Disputation: Microfabrication of Optical Components in Synthetic Diamond: Infrared Optics for Applications in Astronomy and Spectroscopy
- Datum: 18 maj, kl. 13.00
- Plats: Siegbahnsalen, Ångströmlaboratoriet, Lägerhyddsvägen 1, Uppsala
- Doktorand: Vargas Catalan, Ernesto
- Om avhandlingen
- Arrangör: Tillämpad materialvetenskap
- Kontaktperson: Vargas Catalan, Ernesto
The focus of this thesis was to produce optical gratings for different applications using plasma etching. The first steps involved understanding the etch process and optimizing the plasma etch parameters to enable the fabrication of new types of nano/micro meter sized structures in diamond. Optimization of the etch masks is also included in the work.
Infrared optics is a broad general term, relevant to a range of fields. The manufactured diamond optical components utilized within this thesis were applied to both astronomy, in which direct imaging of star system using large ground-based telescopes and diamond coronagraphs was performed, and in absorption spectroscopy probing solvents and proteins using a tuneable quantum cascade laser and diamond waveguides.
The optical components presented in this thesis are all made from diamond, as it is one of few materials that is transparent in the infrared regime. Furthermore, diamond has other unique properties that include high thermal conductivity, low thermal expansion and chemically inertness. In this thesis synthetic diamond grown by chemical vapor deposition has been used, using commercially available components and equipment.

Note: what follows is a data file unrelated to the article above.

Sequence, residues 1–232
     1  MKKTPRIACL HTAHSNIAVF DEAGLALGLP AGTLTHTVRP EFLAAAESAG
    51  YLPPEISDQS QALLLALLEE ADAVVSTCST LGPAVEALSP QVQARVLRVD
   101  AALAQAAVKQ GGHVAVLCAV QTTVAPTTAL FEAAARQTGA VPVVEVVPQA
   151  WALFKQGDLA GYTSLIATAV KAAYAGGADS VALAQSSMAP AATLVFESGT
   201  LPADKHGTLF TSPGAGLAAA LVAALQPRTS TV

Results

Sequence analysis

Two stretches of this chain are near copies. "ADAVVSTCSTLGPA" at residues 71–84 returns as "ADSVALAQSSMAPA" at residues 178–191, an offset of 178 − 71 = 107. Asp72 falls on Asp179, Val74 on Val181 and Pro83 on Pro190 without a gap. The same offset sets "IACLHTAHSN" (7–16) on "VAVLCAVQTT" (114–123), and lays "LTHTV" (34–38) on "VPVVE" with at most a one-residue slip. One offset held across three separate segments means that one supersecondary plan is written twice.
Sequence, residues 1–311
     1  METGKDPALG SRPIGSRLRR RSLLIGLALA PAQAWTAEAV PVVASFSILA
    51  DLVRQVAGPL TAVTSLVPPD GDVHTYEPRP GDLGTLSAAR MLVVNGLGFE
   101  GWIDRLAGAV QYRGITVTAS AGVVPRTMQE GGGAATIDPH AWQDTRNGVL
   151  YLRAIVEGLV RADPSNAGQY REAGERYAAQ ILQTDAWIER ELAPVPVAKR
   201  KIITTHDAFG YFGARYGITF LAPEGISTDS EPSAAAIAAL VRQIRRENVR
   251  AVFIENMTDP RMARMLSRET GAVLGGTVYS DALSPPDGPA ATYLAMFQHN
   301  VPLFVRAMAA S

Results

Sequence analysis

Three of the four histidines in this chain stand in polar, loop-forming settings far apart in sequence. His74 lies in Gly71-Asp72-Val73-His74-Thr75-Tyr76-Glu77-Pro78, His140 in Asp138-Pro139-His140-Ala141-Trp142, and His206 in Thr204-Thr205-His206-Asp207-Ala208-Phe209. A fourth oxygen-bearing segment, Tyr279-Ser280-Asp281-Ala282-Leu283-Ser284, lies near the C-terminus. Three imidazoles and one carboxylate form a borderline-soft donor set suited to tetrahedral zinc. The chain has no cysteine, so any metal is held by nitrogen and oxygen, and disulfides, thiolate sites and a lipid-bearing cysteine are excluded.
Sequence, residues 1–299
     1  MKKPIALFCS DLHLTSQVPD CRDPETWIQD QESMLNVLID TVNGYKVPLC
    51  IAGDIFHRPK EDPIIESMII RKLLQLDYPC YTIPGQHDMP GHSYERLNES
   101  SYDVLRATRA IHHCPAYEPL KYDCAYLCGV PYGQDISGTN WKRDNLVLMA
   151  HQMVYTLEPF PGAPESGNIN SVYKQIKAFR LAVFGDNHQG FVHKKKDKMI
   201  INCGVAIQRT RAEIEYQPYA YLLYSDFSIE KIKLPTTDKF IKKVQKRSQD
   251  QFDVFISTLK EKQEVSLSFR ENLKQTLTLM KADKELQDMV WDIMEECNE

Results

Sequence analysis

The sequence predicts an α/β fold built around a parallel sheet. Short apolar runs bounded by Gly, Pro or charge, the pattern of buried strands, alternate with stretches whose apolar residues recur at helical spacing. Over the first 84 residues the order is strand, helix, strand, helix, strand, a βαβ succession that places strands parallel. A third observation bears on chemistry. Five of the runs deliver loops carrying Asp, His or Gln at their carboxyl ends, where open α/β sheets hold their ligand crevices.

The focus of this thesis was to produce optical gratings for different applications using plasma etching. The first steps involved understanding the etch process and optimizing the plasma etch parameters to enable the fabrication of new types of nano/micro meter sized structures in diamond. Optimization of the etch masks is also included in the work. With this newfound knowledge, deeper and narrower optical gratings than before could be realized.
Optical evaluation of the gratings in special designed optical test benches was used to determine the coronagraphic performance of the manufactured diamond coronagraphs. Most often the designed etch depth could not be reached in the first attempt and therefore a post-fabrication method for tuning the etch depth was developed. This showed to be vital to realising high performing diamond coronagraphs. Diamond coronagraphs were also installed in several ground based telescopes and discovery of new astronomical objects are presented. With deeper understanding of the etch process more complex coronagraphs in diamond were manufactured opening up for use in the next generation of giant telescopes.
In the second part of this thesis, fabrication of diamond waveguides for sensitive analysis of solvents and proteins using infrared spectroscopy is presented. Different designs of diamond waveguides are demonstrated and initial analysis of organic compounds and glucose using a quantum cascade laser as the light source is presented. This type of biosensor will be used to study the secondary structure of proteins relevant for different diseases.